The façade of the building right after the alley has changed, but the pointy rooftop of the building just beyond it has not. Also, looks like the street light and crosswalk were removed.

Here’s Steckert in that alley, about to steal that truck. The writing on that truck says “Lakefield.” I loved how they tried so hard to make this town appear as Lakefield.

Some of the other movies shot in Stouffville over the years include: The Russell Girl, Who Killed Atlanta’s Children?, Strike! and The Dead Zone. TV shows filmed in town include The West Wing, Degrassi: The Next Generation and Nikita. Literally, just two nights ago while watching Schitt’s Creek, I discovered it had scenes on Main Street Stouffville. So cool!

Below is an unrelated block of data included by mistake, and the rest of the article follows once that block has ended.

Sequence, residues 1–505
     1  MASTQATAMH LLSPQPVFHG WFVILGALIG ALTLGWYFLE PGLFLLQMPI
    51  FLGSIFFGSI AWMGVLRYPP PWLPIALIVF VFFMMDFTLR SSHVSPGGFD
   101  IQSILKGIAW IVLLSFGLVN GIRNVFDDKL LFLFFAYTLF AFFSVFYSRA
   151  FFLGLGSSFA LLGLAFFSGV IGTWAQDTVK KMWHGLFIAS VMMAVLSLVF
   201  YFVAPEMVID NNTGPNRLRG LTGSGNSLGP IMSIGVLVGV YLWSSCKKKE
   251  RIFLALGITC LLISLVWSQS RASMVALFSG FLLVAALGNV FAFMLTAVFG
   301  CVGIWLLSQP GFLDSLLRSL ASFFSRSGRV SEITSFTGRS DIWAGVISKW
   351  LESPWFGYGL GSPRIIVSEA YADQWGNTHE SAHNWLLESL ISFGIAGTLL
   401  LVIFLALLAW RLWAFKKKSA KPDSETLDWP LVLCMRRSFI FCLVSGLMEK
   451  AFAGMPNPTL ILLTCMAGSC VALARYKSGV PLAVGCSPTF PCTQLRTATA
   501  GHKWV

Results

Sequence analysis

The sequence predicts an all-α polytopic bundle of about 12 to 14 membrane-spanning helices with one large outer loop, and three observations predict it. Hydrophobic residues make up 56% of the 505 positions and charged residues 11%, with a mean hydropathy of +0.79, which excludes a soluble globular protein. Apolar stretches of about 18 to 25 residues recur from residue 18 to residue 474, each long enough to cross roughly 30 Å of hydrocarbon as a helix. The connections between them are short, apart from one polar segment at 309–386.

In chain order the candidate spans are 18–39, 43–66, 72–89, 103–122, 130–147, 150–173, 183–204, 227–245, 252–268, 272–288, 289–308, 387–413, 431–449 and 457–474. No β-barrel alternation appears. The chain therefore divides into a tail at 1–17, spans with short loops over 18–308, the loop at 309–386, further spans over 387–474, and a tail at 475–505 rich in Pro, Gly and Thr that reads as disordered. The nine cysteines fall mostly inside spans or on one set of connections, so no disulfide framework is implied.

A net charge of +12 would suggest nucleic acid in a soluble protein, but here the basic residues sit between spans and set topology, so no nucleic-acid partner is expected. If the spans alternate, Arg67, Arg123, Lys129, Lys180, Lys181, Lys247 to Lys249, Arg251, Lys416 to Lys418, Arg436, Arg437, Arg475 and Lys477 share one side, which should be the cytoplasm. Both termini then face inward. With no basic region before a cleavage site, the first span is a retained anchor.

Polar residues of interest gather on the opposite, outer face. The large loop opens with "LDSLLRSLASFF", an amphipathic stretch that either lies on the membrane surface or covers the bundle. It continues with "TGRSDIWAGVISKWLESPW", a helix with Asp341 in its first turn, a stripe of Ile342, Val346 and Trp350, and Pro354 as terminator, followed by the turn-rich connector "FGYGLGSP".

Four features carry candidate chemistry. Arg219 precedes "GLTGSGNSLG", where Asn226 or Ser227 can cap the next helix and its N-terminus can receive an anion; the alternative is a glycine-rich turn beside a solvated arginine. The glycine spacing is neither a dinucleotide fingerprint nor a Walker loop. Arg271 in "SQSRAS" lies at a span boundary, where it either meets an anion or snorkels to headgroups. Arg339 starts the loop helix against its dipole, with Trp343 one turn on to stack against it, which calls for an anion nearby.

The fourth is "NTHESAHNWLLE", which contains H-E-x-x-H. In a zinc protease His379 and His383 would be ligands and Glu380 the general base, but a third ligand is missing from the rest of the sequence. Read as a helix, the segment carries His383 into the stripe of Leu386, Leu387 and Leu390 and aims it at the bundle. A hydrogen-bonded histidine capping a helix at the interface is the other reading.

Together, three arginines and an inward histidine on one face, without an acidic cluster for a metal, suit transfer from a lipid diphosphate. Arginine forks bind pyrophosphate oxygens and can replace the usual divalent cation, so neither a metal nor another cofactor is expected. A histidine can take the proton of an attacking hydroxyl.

Well, that’s it for our stop in lovely Stouffville. I’m really looking forward to visiting, hopefully in the near future. If you see a weird guy, walking up and down Main Street, with a camera…looking at tiny building details, lamp posts and street signs, that’s me! If you remember anything about the shops on Main Street in the 1980s, or the filming of Martin’s Day, please  contact me – I’d love to know any random info you have!

Oh, and here’s that awesome Main Street scene…I cued it up for you:

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    […] a few specific towns with multiple scenes (Toronto, Bolton and Stouffville), there were a number on one-off stops throughout southern Ontario. From a public school, to a […]